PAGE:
2.  When visiting another parish (on vacation, etc), what is the weirdest or most upsetting thing you've seen done at Mass?

    3.  You can pick one song that can never be played/sung at Mass again...what is it?

  • manjermjmanjermj member
    Seventh Anniversary 500 Comments 25 Love Its Name Dropper
    edited June 2013

    1.  Girls serving the altar: are you for it or against it?  Does your parish have them? 

    I have never heard of a church NOT allowing girls to be altar servers. I was an altar server from 4th grade until I went away to college and felt that it was such a great honor to be involved in the Mass.  

    When I was in college, we had a discussion in my Religious Texts class about women in the Mass, in general - not specifically as altar servers - and the teacher, a Franciscan Friar, made the point was that when Jesus resurrected, he first appeared to a woman (women) and asked her to spread His good word to the apostles - so why shouldn't we allow women to do just as Jesus asked those women? 

    2.  When visiting another parish (on vacation, etc), what is the weirdest or most upsetting thing you've seen done at Mass?

    On Memorial Day two years ago, this couple sang a duet of a pop culture song about a Soldier dying and writing letters or something like that. It was so heart wrenching with the fact that my husband was leaving for Afghanistan the next month and totally was not religious at all. It made me so uncomfortable. 

    3.  You can pick one song that can never be played/sung at Mass again...what is it?

    I honestly like most songs sung at Mass. 

  • 1. Strongly dislike girls serving at the altar, for all the above-mentioned reasons. Did y'all know that the only reason JPII gave the allowance for it is because people were already doing it?! (Yeah, that sounds like a great reason to allow something...)
    My current church allows them, but there aren't any girls who actually do it. :happydance:
    My previous church didn't allow it, and the church where I grew up didn't either, but I think the couple of churches I went to in between do, but yes, I'm sure that the *vast* majority of churches in the US do.

    2. This one time a visiting missionary priest was there, and for the entire Mass everytime he was supposed to say "The Lord be with you," he said "The Lord IS with you." I was furious. (First of all, how arrogant of you to think that you know better how to translate the texts of the Mass and the theology of what we are saying than those who actually wrote/translated! And second of all, I REALLY wanted to shout from the choir loft something like "But how can I know He is actually with YOU?!" as the response. {This was during the old response, when we would have said, "And also with you."}) I mean like, just so arrogant by it's very grammar... you can't possibly ever KNOW that the Lord 'is' with someone. That's why the current text is the way it is! And for a priest who is so self-centered as to change the text like that and force the change for what the congregation's response means, well, I'm inclined to think that the Lord actually ISN'T with him!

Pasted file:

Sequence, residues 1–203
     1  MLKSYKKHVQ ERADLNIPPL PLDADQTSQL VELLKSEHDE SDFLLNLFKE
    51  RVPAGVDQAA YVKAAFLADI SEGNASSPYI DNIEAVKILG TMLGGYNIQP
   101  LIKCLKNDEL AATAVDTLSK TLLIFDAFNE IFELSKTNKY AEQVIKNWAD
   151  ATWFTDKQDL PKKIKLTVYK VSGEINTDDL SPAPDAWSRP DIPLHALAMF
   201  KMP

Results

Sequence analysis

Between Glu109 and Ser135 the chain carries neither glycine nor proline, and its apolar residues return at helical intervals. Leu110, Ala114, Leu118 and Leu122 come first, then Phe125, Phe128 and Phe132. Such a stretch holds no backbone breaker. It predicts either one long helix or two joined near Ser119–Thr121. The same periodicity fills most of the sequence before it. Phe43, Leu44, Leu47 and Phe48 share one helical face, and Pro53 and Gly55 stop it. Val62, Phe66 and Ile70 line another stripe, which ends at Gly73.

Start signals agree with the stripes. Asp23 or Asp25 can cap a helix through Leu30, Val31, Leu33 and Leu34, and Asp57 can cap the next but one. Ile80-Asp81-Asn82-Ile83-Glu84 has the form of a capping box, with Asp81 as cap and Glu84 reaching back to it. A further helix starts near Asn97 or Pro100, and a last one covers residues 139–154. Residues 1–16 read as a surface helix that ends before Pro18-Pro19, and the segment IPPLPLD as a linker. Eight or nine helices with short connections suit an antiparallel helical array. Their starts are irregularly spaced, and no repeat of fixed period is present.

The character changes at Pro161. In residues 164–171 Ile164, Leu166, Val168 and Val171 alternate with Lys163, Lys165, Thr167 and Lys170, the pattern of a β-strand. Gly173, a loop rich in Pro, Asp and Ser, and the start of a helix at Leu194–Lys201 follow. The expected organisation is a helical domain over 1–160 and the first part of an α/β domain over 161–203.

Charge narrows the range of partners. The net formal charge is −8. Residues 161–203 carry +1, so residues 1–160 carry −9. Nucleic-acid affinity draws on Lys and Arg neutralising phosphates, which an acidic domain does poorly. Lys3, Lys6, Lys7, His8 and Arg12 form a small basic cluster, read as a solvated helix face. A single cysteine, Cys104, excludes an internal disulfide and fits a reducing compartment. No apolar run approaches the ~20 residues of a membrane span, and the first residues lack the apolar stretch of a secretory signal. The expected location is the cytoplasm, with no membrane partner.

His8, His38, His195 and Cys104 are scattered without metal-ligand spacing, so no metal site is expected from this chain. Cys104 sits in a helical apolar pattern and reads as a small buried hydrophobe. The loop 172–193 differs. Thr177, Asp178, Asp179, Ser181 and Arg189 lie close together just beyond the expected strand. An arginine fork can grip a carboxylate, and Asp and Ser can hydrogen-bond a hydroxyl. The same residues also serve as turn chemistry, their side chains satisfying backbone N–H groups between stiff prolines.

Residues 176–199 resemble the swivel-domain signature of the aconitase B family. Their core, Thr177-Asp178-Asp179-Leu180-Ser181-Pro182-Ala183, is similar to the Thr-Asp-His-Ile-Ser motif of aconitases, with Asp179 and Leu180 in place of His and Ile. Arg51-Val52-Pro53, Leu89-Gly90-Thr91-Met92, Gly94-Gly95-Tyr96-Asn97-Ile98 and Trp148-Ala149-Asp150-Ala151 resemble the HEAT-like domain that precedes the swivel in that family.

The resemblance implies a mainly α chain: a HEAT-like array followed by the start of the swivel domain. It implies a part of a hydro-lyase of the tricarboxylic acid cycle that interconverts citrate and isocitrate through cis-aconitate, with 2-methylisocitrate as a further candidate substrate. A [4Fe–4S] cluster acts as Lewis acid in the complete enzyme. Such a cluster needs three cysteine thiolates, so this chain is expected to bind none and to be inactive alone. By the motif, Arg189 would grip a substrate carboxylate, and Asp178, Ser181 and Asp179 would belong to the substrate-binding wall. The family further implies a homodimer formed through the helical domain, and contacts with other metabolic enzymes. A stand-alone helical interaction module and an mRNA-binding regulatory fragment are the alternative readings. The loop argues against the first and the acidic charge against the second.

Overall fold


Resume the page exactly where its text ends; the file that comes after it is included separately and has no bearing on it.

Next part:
Oh and that reminds me of another one... This other visiting missionary priest (what is it with these guys... they made me think REALLY poorly of anyone who is a missionary priest!) before Mass he came up to me and was like, "I'm going to do a song at the end of the homily on the piano, so I need you to hold the music." I was a little like "um... ok..." even before I found out it was "Bring Him Home" from Les Mis, warning bells were going off in my head. In hindsight I *should* have simply been firm (knowing full well that our pastor who was away for the weekend would have 100% supported me) and told him that was simply a completely inappropriate secular song for church, and he would NOT be singing it. But you know, it's not exactly easy to say no to a priest. So he did it, and I was just dying of embarrassment b/c everyone was looking at me and probably thinking I *supported* him in doing this, since I was standing right there! 

    3. This is easy. "Gather Us In." Read the words before you say you love that song... Any song that mentions God/Jesus/Lord ZERO times, and ambiguous "You" (possibly referring to "God," but we actually can't assume that, especially given the rest of the "New-Agey" feel/lyrics of the song) a couple times, and We/Us about EIGHTY times ought never to have been sung in Catholic Churches to begin with.